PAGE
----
1/ Trump: "We must immediately" send immigrants who illegally enter the U.S. "back from where they came" with "no Judges or Court Cases." Trump likened immigrants and asylum seekers to intruders trying to "break into" the country, saying "we cannot allow all of these people to invade our Country. When somebody comes in, we must immediately, with no Judges or Court Cases, bring them back from where they came." (Reuters / Washington Post / New York Times)

2/ Sarah Huckabee Sanders claimed that "just because you don't see a judge doesn't mean you don't receive due process," as she defended Trump's statement that people who illegally cross the border should be removed "with no Judges or Court Cases." Trump tweeted that "hiring manythousands [sic] of judges, and going through a long and complicated legal process, is not the way to go - will always be disfunctional [sic]. People must simply be stopped at the Border and told they cannot come into the U.S. illegally." (The Hill / ABC News)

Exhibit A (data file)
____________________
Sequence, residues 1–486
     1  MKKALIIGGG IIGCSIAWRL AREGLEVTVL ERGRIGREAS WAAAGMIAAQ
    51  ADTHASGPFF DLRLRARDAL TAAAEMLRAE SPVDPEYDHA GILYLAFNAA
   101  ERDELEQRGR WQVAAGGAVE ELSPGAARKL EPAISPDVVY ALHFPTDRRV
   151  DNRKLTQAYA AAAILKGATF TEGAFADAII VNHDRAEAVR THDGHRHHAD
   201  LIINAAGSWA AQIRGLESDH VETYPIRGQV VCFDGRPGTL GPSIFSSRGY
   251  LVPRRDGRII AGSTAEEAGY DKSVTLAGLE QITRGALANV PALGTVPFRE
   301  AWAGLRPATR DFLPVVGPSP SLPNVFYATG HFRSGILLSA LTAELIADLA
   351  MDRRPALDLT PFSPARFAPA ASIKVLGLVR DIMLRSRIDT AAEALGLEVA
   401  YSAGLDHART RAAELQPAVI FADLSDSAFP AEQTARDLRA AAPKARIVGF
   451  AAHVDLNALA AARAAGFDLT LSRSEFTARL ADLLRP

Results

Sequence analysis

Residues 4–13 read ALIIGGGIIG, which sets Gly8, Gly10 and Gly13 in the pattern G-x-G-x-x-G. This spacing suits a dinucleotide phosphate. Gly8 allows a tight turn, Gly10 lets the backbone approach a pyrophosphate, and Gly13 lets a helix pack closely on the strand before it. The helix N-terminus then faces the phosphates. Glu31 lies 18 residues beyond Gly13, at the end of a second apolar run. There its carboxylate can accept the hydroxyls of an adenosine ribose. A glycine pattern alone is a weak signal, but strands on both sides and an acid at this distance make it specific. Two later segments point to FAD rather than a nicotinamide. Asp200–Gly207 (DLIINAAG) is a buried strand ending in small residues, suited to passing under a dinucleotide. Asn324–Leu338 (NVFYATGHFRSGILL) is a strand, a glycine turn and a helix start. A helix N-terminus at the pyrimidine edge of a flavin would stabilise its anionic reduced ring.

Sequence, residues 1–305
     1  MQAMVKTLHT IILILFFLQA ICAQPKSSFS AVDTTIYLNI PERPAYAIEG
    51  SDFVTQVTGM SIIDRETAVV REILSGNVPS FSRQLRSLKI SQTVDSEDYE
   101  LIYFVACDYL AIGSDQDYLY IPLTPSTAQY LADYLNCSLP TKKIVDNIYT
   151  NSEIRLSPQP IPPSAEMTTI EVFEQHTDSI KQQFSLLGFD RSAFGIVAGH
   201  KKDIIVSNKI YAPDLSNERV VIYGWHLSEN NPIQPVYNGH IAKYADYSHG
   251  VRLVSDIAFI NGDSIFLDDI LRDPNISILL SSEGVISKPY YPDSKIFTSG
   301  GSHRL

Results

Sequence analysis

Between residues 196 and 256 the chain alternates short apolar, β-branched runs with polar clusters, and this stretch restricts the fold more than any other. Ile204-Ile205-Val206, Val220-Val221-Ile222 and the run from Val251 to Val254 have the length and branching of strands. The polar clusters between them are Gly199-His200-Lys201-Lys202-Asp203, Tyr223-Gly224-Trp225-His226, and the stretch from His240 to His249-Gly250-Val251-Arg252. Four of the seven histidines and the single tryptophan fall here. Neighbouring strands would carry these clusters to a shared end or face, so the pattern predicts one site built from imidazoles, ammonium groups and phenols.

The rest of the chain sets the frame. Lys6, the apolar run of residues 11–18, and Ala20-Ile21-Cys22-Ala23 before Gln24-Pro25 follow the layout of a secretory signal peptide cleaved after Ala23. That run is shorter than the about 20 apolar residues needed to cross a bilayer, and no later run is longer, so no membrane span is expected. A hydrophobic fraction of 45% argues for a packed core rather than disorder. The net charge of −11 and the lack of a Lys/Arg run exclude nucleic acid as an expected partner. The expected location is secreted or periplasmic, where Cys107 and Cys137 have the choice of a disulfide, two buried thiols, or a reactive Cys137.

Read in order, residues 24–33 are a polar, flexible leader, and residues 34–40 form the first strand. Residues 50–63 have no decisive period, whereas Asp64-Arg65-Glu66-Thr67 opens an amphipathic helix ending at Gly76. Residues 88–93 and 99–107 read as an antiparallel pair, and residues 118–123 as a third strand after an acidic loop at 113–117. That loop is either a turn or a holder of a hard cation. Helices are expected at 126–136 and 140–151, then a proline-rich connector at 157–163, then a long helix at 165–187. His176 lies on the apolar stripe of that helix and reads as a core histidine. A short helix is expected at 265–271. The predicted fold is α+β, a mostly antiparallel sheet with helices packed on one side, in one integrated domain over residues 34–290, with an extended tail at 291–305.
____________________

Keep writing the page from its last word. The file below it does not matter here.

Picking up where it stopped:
3/ The commissioner of U.S. Customs and Border Protection will stop referring immigrants with children to the Justice Department for prosecution until CBP and the DOJ can "agree on a policy that would allow parents to be prosecuted without separating them from their children." Sarah Huckabee Sanders said there was no change to the administration's "zero tolerance" policy and that "we're not changing the policy. We're simply out of resources." Jeff Sessions, meanwhile, told a group of school resources offers in Reno, Nevada that "we're going to continue to prosecute those adults who enter here illegally. We're going to do everything in our power, however, to avoid separating families. All federal agencies are working hard to accomplish this goal." (New York Times / CNN)

  • The Department of Homeland Security said it's reunited 522 children with parents. 2,053 separated children remain in the care of the Department of Health and Human Services. The government "knows the location of all children in its custody and is working to reunite them with their families," according to a DHS fact sheet. (Reuters / New York Times)

  • Jeff Sessions warned activists against "obstructing" ICE or Border Patrol, saying "free speech, assembly, and protest are and will be protected," but other crimes will not be tolerated." Activists online have threatened to dox ICE employees and publicly shame those who work for the agency. (Politico)